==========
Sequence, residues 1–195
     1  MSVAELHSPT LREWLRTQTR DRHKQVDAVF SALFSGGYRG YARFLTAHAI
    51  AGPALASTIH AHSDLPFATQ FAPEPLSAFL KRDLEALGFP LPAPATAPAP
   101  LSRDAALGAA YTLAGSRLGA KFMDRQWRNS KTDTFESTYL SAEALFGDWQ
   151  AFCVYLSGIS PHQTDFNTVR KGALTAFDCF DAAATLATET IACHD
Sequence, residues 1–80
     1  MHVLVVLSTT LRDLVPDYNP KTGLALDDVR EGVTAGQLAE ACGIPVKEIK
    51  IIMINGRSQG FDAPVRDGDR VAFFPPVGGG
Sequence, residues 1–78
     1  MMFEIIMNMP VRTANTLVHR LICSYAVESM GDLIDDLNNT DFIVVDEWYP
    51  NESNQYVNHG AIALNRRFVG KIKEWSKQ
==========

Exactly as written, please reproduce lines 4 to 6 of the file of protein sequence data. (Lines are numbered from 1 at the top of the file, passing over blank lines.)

   101  LSRDAALGAA YTLAGSRLGA KFMDRQWRNS KTDTFESTYL SAEALFGDWQ
   151  AFCVYLSGIS PHQTDFNTVR KGALTAFDCF DAAATLATET IACHD
Sequence, residues 1–80